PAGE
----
# Reorder point and safety stock for very long lead times

I have previously asked this problem here-Lead time longer than cycle time, but I keep getting more confused the more I think about it. Using the Q,R inventory model, suppose my mean monthly demand $$\mu = 4000, \sigma_D = 1500$$, Order quantity $$Q = 6000$$ and lead time $$L = 3$$(months). Choosing $$\alpha = 2.33$$, I get $$SS \approx 6000$$ and $$ROP \approx 18000$$. ROP is interpreted as the inventory position here. The values seem reasonable enough.

Now suppose I take $$L = 10$$, the safety stock value shoots up to $$SS = 11,000$$ and $$ROP = 51,000$$ This definitely seems absurdly high to me. I don't get why we use the lead time as it is in the formula because at a steady-state, and assuming the demands are normally distributed, we will be receiving an order every $$Q/\mu = 6000/4000 = 1.5$$ months on an average. Why, then, does the formula say that we need to use the lead time L = 10, when we know that the inventory would be replenished much before that? In my opinion, we only need to cover-up for fluctuations in demand in that 1.5 month period. I couldn't find any text that clearly explains this dichotomy between Inventory Position and Inventory Level and any help is appreciated.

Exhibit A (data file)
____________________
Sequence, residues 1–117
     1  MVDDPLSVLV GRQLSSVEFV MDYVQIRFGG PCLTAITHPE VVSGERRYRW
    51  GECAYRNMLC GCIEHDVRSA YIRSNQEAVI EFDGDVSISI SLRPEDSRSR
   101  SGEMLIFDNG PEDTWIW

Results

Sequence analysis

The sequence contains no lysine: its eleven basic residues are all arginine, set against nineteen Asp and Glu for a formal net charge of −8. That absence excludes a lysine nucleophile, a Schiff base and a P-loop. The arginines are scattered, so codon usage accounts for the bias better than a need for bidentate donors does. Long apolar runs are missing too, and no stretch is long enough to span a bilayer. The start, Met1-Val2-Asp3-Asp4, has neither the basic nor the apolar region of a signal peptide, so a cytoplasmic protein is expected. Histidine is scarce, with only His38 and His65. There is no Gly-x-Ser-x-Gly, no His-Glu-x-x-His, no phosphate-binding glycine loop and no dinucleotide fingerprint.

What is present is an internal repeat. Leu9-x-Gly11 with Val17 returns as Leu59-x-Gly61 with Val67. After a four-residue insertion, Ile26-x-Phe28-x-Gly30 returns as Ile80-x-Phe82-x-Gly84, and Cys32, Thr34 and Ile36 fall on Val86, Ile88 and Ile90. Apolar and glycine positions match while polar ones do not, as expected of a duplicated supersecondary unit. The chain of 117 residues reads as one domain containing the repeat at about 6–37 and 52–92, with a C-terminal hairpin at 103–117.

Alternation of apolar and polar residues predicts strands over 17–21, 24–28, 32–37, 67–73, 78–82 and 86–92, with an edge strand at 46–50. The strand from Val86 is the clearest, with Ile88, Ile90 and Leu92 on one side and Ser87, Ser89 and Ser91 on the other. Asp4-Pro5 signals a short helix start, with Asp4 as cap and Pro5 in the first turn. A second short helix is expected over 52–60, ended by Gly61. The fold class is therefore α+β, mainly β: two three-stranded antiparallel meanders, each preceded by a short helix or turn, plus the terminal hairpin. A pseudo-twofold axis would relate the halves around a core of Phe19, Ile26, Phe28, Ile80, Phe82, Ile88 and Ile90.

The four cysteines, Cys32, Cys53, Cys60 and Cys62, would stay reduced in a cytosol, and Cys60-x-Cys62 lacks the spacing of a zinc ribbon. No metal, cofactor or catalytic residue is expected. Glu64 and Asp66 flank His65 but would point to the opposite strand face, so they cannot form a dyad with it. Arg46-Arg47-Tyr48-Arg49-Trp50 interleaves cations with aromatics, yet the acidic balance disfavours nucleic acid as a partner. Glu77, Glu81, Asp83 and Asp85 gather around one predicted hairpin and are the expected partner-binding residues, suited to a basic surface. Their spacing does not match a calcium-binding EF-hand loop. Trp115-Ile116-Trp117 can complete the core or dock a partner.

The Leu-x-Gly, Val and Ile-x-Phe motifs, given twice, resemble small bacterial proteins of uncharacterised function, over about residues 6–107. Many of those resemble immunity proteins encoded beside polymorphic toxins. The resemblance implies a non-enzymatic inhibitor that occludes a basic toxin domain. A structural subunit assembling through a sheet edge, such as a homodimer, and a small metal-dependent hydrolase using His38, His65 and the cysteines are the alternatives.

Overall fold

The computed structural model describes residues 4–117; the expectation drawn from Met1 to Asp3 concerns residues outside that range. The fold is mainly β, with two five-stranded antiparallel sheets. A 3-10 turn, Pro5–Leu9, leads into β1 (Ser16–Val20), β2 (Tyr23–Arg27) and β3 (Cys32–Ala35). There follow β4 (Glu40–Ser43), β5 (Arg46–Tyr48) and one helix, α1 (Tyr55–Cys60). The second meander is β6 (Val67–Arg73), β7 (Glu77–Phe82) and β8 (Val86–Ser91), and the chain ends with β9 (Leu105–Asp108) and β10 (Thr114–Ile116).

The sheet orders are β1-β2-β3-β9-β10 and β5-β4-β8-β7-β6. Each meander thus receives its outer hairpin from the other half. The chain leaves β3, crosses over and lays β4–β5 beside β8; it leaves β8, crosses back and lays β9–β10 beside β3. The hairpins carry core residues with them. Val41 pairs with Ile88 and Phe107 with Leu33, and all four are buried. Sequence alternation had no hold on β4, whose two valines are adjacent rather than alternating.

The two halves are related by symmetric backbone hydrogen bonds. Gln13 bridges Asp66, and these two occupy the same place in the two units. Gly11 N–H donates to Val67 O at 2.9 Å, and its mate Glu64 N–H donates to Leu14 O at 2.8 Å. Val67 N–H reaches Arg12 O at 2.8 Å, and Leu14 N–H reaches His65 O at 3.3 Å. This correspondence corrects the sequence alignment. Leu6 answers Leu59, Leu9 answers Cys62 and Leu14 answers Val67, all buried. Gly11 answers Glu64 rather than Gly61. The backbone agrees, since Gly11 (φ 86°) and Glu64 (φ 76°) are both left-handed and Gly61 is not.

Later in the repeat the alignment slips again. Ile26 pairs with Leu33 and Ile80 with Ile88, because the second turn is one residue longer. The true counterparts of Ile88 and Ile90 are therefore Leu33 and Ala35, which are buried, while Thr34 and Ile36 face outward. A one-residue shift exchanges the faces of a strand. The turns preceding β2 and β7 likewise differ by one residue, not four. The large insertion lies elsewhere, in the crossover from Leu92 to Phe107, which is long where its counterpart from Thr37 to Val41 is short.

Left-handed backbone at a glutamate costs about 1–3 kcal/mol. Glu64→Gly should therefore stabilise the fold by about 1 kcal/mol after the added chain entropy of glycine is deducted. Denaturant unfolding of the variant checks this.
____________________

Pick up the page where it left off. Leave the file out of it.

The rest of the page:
You seem to be conflating two ordering systems. You say you will be receiving an order every 1.5 months on average. The only way that could happen with a lead time of 10 months would be if you had more than one order outstanding at a time. This ties to your use of $$Q=6,000$$ in the second paragraph. That's the order quantity when $$L=3$$, not when $$L=10$$. So if you are going to stick to an ROP/ROQ system (order when you hit the ROP, then not again until after that order arrives), you'll order $$Q=40,000$$ units, which is 10 months of demand. If, instead, you decide to stick with $$Q=6,000$$, you're moving from an ROP system to what looks more like an EOQ system ... or at least you'll be ordering at more than one reorder point.